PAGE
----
I like tacos, I thought to myself.  These are organic.  They’re soy free.  The picture looks tasty.  How bad could they be?  There have been times when I’ve asked myself how bad something could be and the answer was down right awful.  Purchasing a product I’d never heard of was a gamble but, hey, I had 20% off and the box did promise I’d be nuts for them.  Prove it, I thought.  I added them to the cart and took them home.

These tacos are fast food at its best.  They cook from frozen in 12 minutes: after 8 minutes I was instructed to pry them open and add some cheese, then cook another 4 minutes.  I had some Daiya cheddar shreds in my refrigerator and attempted to do so.  These mini tacos are not easy to stuff however I did manage to get most of the shreds inside the taco shell without searing my fingerprints off.  I shoved the baking sheet back in the oven for the allotted 4 minutes and ransacked my refrigerator for taco toppings.

I had to go minimalist.  I had some Tofutti sour cream and some organic salsa but no guacamole or tomato.  I should have thought ahead while I was at the store.  Mental note for next time.  The Daiya shreds melted beautifully but the tacos weren’t large enough to stuff with toppings.  I spooned a little sour cream and salsa on the top and tried my first Nut Taco.


The promise on the box wasn’t false advertising.  These little tacos are fantastic.  I thought the shells would stay soggy but they didn’t: they bake to a perfect crunch.  I was also wary of the nut filling.  Really?  Nuts?  Yes.  Nuts.  The filling has the same texture as re-fried beans, albeit with a little more substance.  They reminded me of deep fried taquitos I used to eat but without all the grease.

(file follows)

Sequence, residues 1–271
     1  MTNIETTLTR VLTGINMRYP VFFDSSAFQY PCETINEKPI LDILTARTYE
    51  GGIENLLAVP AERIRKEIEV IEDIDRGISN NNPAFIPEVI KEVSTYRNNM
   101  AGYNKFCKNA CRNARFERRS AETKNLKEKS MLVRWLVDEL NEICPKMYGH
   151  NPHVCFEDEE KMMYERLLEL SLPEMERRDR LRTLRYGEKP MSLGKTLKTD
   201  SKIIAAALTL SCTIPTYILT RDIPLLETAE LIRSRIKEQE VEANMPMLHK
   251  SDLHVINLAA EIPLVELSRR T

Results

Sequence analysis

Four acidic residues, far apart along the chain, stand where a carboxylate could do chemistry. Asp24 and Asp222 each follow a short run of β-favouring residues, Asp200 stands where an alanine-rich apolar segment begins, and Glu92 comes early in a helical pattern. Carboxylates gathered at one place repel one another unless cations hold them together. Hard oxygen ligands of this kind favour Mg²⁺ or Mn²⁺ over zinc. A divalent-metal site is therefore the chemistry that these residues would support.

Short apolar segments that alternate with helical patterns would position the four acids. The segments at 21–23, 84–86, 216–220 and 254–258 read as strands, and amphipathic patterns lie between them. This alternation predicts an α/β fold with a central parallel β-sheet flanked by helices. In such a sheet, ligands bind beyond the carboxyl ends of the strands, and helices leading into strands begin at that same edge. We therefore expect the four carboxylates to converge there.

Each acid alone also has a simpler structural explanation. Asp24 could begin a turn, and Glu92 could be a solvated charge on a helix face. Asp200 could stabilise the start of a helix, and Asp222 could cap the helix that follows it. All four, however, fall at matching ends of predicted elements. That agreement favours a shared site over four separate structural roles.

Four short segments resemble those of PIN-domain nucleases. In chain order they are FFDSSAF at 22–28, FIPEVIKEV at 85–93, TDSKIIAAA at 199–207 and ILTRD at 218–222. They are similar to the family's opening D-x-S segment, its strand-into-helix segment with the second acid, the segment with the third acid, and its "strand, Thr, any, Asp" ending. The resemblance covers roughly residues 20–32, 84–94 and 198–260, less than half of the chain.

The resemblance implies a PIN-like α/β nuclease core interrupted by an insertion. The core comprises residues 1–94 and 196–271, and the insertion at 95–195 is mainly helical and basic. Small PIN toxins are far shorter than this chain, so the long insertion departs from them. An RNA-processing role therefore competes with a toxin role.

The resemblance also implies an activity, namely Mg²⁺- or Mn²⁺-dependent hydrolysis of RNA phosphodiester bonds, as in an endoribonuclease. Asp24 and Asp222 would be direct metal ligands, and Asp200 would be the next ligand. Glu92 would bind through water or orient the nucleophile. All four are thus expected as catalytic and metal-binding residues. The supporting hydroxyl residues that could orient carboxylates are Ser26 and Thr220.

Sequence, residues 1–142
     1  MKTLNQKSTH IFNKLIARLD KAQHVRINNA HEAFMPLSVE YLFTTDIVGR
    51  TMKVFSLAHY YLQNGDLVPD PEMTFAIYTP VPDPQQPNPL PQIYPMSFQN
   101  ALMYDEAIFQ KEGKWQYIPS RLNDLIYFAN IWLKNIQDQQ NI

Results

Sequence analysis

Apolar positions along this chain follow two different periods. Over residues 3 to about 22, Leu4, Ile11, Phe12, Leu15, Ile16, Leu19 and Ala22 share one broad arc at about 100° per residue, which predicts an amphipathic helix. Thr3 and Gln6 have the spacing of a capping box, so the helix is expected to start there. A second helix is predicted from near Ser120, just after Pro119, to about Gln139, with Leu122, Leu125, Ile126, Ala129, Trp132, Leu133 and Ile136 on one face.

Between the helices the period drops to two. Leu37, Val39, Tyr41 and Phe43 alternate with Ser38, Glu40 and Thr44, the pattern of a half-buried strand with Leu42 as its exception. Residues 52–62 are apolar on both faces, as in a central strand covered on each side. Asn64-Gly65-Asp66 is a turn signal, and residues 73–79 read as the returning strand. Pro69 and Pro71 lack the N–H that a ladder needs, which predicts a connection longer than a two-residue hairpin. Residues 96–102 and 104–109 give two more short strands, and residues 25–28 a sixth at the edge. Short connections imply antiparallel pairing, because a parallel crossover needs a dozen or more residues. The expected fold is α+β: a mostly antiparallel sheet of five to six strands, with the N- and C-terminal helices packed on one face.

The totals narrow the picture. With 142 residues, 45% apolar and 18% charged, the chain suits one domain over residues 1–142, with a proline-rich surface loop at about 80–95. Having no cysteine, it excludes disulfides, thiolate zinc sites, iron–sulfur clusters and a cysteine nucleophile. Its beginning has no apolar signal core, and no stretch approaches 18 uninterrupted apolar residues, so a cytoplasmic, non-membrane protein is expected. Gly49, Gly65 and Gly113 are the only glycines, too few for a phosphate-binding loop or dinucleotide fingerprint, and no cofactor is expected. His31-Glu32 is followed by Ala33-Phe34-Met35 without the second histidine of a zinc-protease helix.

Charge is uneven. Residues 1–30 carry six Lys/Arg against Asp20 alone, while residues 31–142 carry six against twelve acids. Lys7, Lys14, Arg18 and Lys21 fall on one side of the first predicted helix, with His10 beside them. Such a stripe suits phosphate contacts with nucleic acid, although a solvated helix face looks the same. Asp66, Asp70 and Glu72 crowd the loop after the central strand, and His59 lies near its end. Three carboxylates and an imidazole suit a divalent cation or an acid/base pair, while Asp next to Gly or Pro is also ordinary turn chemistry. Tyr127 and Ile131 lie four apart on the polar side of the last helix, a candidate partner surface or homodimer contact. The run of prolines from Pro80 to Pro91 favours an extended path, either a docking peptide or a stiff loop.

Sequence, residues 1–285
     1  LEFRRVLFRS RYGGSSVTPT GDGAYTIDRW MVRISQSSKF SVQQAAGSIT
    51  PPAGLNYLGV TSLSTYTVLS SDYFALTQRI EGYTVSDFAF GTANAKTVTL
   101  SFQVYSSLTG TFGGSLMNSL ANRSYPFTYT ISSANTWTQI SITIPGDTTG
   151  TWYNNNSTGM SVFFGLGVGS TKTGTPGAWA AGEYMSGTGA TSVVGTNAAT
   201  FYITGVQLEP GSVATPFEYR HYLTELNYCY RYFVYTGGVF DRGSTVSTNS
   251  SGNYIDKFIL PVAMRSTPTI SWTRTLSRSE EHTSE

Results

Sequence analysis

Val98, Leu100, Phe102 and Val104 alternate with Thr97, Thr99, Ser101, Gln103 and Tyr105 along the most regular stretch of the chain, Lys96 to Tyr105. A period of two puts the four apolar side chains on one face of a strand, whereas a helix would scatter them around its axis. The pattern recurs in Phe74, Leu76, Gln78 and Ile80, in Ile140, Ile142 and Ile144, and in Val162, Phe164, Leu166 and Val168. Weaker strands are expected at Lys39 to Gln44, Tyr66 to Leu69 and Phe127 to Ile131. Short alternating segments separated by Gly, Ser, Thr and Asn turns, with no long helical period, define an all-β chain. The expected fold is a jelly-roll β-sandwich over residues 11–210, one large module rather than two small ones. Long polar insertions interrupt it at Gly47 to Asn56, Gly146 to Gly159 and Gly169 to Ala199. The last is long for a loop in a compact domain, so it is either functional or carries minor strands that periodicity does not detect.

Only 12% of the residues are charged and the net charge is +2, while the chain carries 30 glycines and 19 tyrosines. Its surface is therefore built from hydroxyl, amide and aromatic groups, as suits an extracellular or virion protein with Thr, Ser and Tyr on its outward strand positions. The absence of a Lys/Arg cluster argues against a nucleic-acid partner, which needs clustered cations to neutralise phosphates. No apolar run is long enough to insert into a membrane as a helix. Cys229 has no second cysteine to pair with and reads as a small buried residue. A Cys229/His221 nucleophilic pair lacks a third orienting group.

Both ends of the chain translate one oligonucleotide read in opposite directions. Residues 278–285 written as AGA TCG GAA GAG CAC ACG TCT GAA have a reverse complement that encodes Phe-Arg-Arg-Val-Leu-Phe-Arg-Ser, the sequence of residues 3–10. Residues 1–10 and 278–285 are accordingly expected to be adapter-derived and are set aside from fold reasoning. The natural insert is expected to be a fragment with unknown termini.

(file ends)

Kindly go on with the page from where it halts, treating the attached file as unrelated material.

I liked these tacos so much I googled “Carla’s Nut Tacos” and found there is a full line of nut products.  The nut yummies look like a decadent treat and there are nut burgers and nut balls as well.  I haven’t had the best luck making vegan meatless balls and am looking forward to trying more of these products.  Any guilt I may have felt at eating a frozen food product was assuaged by the fact that Carla Lee’s Nutburgers, the maker of the Nut Tacos, donates 50% of profits to feeding humanity.  Fast food that feeds others?  Pass me the mini taco.

Check them out!  If you’ve tried one of these products, let me know what you thought.

Carla Lee’s Nutburgers